On Saturday October 17th, Belgian vegan organisation BE Vegan organised and evening with Canadian photographer Jo-Anne McArthur. In the vegan or animal rights community, Jo-Anne McArthur is well known for her work on the project We Animals, which resulted in a book with the same title. We Animals is a series of portraits of animals in the human environment: animals used for food production, clothing, experiments and companionship. We Animals is not just meant to be a series of portraits, there’s also a moral message. Taken from the We Animals website:
We Animals aims to break down the barriers that humans have built which allow us to treat non-human animals as objects and not as beings with moral significance. The objective is to photograph our interactions with animals in such a way that the viewer finds new significance in these ordinary, often unnoticed situations of use, abuse and sharing of spaces.
The photos are meant to make us question what is normal, and show it from the perspective of the animal.
Some of her photos were also featured in the exhibit ‘Het Vergeten Dier‘ (the forgotten animal), which I saw in Amsterdam (Netherlands) in 2013 (see the post on my Dutch blog here). This exhibit was also in in Bruges (Belgium) in 2015 (see my impressions from Bruges here). And a lot of her photos could also be seen at an exhibition dedicated to her work during Belgium’s first Vegan festival in Gentbrugge a couple of weeks ago (Vegan Summer Fest, see my review here).
Jo-Anne McArthur’s life and photos are featured in the 2013 docu The Ghosts in our Machine. The docu illuminates the lives of individual animals living within and rescued from “the machine” of our modern world. The animals who otherwise remain invisible, who most humans only know through the products which they consume or buy.
It was an interesting evening. With lots of touching stories and images of the many individuals who Jo-Anne has come across in her years as a photographer. Ranging from dolphins to bears, from dogs to chickens, fish to alligators, rabbits to chimpansees, gorillas to insects. Those last ones are our most constant companions, but the most invisible in our society. No gruesome, bloody slaughterhouse photos as often do the round in animal rights advocay, but portraits that capture their individuality and portray them as who they are: each and every one an individual thinking and sentient being.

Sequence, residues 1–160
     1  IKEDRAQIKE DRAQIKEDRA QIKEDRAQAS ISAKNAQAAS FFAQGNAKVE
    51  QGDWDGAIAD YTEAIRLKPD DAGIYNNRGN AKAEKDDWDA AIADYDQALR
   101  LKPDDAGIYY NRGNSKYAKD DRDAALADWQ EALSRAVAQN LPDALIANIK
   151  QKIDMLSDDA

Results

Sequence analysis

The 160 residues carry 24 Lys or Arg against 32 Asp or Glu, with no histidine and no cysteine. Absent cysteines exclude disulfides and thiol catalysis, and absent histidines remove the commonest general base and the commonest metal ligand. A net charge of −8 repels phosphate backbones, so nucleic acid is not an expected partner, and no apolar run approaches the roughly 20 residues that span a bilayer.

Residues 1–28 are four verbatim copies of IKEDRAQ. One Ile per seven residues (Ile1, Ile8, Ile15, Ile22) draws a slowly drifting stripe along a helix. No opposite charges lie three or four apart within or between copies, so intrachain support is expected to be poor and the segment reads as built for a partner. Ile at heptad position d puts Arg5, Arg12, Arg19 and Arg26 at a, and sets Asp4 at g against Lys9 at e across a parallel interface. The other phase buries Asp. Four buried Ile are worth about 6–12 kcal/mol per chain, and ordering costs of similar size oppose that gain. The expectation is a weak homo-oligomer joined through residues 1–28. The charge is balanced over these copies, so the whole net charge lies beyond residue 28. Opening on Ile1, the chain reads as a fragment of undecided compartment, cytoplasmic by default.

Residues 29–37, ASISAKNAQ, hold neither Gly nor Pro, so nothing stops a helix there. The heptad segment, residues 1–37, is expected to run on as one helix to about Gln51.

Jo-Anne McArthur underlined the importance and power of images in the making of history, showing some images that are in our collective memory. She told stories of resuce operations and her undercover work in animal agriculture or animal zoos. She also elaborated on the many ways in which you can put words into action: adopt, don’t shop, volunteer, take political action, stop eating animals, protest with humor, participate in direct action, support sanctuaries instead of zoos and aquaria, are just a few of the examples she gave.
On outreach at a Turkish wedding
It was a full house that evening in Ghent, and I think everyone was impressed by the beautiful – albeit often sad – portraits and stories. I noticed familiar faces in the audience, and had also seen on the registration form of the event on FB that a lot of people were in one way or another linked to vegan/AR advocay. So I guess a lot of people already knew her work, or at least were aware of the animal suffering and abuse that accompanies the situations in the photos. I wonder how her speech would be received by a more ‘unknowing’ or unfavourable, or maybe even hostile – audience. People who are not involved in animal rights or vegan activism, like for example people from the ecological movement or an audience of ‘average’ meat eaters. Or even, an audience comprised of those participating in animal experiments, animal agriculture or the exploitation of animals for human entertainment.